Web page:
Meet Me at the Corner of You St and Also You St: Intersectionality and Urban Spaces
When I first read Teen Girls Need Better Public Spaces to Hang Out by Alexandra Lange, I quickly connected messages in the article to concepts of intersectionality. I read the post because I was interested to learn about gaps in placemaking and where I could focus my efforts as a planner passionate about social equity. While I encourage everyone to read the post, the TLDR version is that not only are there not enough public spaces for teen girls to hang out in, but the ones that exist are predominantly catered to specific types of masculinity — a sentiment that echoes Caroline Criado-Perez’s assumption that the world has been designed for the “default man” and everyone else is an outlier in Invisible Women. Invisible Women is a series of stories that highlight how most decision-making is based on data that excludes women, therefore, we are missing the experiences and knowledge of an important and diverse population group.
Indeed, in planning for the broader public interest, urban planning hasn’t always been able to create urban spaces that capture the complex nature of social identity. For far too long, planning has failed to explicitly consider intersectionality leading to an inequitable, possibly discriminatory, system of policies, rules, and laws synonymous with a one-size-fits-all approach.
Wait — what is intersectionality? First coined by African American scholar Kimberlé Crenshaw in the late 1980s, intersectionality is a model rooted in social justice and feminist theory. It aims to understand how overlapping social identities — such as age, gender, race, class, ability, immigrant status, and sexual orientation among others — intersect to affect one’s experience in society. Often, these identities are subject to unjust social power hierarchies that contribute to unique experiences of oppression. Because no social identity takes primacy, people live in multiple social realities that are neither stable nor homogenous across social groups. In short, intersectionality explains that people have more than just one definition of identity.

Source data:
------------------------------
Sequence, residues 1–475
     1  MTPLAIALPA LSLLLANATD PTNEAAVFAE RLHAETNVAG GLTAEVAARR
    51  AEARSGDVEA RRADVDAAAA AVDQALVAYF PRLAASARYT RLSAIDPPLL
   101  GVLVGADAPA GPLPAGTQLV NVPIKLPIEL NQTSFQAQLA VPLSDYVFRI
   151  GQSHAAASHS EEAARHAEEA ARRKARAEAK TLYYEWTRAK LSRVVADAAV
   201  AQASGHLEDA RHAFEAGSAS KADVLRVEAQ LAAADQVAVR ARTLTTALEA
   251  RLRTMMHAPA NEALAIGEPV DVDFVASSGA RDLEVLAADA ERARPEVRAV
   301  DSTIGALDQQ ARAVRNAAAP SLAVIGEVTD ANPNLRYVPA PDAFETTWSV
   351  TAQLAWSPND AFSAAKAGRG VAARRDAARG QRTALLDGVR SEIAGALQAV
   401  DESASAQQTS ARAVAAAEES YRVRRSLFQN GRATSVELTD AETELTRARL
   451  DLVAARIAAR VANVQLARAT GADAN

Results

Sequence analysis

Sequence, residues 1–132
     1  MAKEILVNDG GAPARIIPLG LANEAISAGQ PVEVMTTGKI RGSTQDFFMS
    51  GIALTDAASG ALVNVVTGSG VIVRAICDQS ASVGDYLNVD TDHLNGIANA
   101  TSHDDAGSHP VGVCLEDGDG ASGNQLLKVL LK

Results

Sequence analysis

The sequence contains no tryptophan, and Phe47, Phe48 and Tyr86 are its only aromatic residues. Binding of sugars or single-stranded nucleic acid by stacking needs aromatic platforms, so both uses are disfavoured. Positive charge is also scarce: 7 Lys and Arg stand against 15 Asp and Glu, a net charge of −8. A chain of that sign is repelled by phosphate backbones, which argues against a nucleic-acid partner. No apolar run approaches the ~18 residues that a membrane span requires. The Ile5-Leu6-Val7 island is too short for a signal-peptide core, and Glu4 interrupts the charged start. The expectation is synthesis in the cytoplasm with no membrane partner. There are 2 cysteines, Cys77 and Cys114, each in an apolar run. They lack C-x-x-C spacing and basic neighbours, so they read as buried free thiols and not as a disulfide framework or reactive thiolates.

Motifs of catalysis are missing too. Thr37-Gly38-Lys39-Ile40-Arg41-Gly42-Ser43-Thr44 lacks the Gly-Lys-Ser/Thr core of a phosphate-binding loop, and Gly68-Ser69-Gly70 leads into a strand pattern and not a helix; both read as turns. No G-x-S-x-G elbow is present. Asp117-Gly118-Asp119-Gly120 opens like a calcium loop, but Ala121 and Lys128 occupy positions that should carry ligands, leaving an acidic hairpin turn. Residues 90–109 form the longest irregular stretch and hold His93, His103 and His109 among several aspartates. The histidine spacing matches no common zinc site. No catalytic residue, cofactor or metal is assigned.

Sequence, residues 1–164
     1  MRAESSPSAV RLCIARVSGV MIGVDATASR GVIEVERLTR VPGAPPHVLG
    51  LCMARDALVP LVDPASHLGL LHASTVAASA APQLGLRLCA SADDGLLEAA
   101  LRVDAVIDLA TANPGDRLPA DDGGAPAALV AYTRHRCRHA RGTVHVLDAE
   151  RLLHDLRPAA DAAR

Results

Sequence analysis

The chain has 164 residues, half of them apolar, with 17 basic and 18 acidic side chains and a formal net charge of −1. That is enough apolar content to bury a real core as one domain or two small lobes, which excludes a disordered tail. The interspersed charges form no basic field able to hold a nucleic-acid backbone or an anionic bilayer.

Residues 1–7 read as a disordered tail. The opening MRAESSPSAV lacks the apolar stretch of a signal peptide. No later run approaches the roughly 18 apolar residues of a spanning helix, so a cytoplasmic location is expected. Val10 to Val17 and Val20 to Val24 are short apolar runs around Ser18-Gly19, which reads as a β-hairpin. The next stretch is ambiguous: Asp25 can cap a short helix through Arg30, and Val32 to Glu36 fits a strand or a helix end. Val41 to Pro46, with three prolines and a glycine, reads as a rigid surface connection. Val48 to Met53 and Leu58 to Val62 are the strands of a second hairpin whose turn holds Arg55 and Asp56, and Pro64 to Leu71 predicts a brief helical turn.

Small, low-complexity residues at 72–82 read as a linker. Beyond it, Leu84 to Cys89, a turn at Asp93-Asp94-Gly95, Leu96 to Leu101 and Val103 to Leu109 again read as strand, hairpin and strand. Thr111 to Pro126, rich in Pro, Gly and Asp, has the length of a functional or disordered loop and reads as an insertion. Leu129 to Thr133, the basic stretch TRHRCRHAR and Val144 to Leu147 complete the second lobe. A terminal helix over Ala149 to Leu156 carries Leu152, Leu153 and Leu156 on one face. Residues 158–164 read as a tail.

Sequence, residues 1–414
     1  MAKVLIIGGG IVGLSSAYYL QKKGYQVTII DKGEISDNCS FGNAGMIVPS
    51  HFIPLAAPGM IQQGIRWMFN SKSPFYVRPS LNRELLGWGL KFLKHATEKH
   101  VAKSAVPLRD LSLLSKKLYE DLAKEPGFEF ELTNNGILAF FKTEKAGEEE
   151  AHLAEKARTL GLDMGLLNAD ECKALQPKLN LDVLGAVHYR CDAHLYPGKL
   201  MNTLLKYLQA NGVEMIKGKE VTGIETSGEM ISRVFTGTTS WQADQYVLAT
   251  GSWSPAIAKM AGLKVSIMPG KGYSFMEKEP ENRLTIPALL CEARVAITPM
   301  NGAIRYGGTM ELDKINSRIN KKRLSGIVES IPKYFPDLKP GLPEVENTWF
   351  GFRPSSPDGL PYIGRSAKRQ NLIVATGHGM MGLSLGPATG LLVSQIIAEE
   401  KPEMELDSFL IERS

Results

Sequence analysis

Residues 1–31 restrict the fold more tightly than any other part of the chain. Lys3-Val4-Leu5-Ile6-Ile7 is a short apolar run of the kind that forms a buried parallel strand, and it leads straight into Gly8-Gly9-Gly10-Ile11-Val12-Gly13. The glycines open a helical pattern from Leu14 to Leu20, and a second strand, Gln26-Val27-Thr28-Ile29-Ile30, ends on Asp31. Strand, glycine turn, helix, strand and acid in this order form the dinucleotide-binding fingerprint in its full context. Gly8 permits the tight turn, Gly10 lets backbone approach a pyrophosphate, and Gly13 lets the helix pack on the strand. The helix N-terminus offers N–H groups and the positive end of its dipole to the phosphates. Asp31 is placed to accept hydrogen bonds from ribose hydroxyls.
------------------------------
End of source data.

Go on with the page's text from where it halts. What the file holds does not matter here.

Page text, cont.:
But why does intersectionality matter in urban planning?
Consider, for example, how differently a low-income, Eastern European, recent immigrant woman might experience travelling on public transit in Toronto than a low-income, Chinese, longtime resident woman would. Both individuals are women, and both are low-income, but the former might feel greater anxiety navigating transit routes in a different language whereas the Chinese individual might focus on whether she’ll be racially profiled during her trip, particularly during the era of the Covid-19 pandemic. In this situation, it appears that identifying as a woman or as a low-income individual doesn’t matter as much as the other social identities do.